One of the great things about living in this part of the world is our easy access to quality, fresh fish. From shellfish to lake trout and everything in between it is all available in Albania and it is always fresh and surprisingly affordable. Along the coast many restaurant menus only include fish and seafood and it is common practice for a waiter to present your table with a platter of still wiggling fish plucked from the Adriatic Sea and allow each diner to select the one they want to eat. Meals filled with fish and seafood also tend to be the most common dinner presentations at formal dinners and as such, I’ve found myself trying new types of fish on a regular basis. My favorite meal by far has been a dinner hosted by our Turkish friends where every item on the table came from the sea. (Who knew there were so many ways to cook octopus?).
I’ve always loved fish so I thoroughly enjoy these meals. Prior to arriving in Albania, however, Glenn would avoid anything marine related at all costs. Much to his horror his first few formal dinners in Albania revolved around fish and seafood and he would come home with stories of how he actually ate a bite or two of the meals and survived. While he won’t order it from a menu in a restaurant, Glenn has gotten better about eating fish and no longer cringes when it appears in front of him. Of course, those closest to us know of his lack of enthusiasm for fish and avoid serving it but when it is presented to him, he does eat it. And, on more than one occasion, he has even proclaimed that he liked what he ate.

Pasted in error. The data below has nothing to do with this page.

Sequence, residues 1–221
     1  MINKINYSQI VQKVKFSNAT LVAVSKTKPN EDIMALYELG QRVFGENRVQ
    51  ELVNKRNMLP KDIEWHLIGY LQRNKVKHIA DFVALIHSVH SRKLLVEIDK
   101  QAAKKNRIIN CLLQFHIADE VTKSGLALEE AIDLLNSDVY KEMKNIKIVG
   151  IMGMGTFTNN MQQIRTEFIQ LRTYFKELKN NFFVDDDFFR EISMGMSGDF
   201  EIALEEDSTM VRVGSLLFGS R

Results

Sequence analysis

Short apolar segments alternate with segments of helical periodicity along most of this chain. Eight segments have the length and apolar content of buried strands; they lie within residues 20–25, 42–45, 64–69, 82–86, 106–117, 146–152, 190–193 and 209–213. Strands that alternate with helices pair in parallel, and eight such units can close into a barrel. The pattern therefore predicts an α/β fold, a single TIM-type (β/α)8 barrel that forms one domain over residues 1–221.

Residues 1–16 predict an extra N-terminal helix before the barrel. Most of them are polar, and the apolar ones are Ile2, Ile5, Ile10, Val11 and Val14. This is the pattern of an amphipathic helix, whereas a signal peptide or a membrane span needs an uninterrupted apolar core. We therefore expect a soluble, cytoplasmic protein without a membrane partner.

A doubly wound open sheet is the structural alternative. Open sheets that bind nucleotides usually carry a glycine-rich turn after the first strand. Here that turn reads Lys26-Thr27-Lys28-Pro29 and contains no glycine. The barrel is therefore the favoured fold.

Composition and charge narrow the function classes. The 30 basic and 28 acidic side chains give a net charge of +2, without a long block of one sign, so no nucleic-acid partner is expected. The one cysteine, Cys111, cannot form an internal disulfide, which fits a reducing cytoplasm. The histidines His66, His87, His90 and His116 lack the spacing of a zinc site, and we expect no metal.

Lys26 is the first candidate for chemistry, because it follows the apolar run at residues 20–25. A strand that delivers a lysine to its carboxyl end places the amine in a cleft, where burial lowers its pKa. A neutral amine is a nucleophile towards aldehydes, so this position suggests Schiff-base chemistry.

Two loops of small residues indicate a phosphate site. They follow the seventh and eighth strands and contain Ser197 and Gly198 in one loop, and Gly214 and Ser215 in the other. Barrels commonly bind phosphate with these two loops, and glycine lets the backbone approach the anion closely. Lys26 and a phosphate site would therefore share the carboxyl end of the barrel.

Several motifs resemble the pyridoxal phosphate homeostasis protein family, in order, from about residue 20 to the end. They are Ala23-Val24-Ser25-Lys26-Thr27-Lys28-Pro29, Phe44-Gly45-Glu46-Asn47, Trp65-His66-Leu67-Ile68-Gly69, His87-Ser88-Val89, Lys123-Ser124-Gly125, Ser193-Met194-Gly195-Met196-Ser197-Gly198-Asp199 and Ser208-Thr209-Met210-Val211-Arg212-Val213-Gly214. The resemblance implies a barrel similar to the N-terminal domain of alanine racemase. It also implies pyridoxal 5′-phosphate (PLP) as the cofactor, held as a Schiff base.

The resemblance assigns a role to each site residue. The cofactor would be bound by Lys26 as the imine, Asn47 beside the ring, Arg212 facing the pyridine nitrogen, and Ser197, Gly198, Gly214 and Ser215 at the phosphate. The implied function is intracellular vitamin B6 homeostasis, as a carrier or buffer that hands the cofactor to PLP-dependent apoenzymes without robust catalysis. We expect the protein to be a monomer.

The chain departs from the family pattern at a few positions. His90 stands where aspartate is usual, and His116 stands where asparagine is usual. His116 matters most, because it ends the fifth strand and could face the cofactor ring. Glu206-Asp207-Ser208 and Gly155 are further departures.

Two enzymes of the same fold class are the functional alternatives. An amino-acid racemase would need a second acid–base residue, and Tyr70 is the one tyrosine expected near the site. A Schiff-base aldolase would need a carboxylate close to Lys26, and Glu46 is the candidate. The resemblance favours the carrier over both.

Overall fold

We’re trying to eat healthier in the Brown household and to that end, and at Glenn’s request, we are now incorporating fish into our weekly menus. Cooking fish at home isn’t always an easy proposition. Most fish is sold whole and even after my taking a class on how to de-bone a fish, I struggle with getting it right. I’ve also learned that in order for Glenn to enjoy fish it can’t taste “fishy” and he likes it to be served with a sauce which in many cases, negates the healthy aspects of the fish.
Cooking fish is also a relatively new experience for me and I find myself slightly outside of my comfort zone. So I’m starting with the basics and working my way up. I have a vision of being able to cook a whole octopus before we leave Albania (which when cooked correctly, is absolutely delicious). In the meantime I’m starting with a mild tasting and boneless tilapia. Very simple but when cooked correctly, very tasty. The olive oil adds a bit of healthy fat and when combined with the lemon juice makes for a flavorful sauce. The best part? When I placed dinner on the table even Sidney proclaimed that “Sidney likes fish”.
LEMON AND DILL TILAPIA FILETS
2-4 ounce tilapia filets (or one filet per person)
2 Tablespoons olive oil
2 Tablespoons finely minced dill
1 whole lemon, seeded and thinly sliced
1/4 Teaspoon paprika
Salt and pepper to taste
- Preheat the oven to 375 degrees.
- Place a large piece of foil on a rimmed baking sheet. Arrange the tilapia filets in the center of the pan.
- Drizzle the olive oil on top of the fish. Sprinkle the filets with the dill and arrange the lemon slices on top.
- Season with the salt, pepper, and paprika.
- Wrap the foil into packets being sure to seal the edges so none of the oil escapes.
- Bake in the oven for 20 minutes until the fish is flaky but not dry.